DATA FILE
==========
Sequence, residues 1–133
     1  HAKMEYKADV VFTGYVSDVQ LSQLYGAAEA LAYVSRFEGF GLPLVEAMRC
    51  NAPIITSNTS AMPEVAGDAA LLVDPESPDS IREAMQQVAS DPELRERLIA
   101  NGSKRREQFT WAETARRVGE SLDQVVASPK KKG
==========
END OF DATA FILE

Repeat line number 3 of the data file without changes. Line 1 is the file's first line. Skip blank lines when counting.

    51  NAPIITSNTS AMPEVAGDAA LLVDPESPDS IREAMQQVAS DPELRERLIA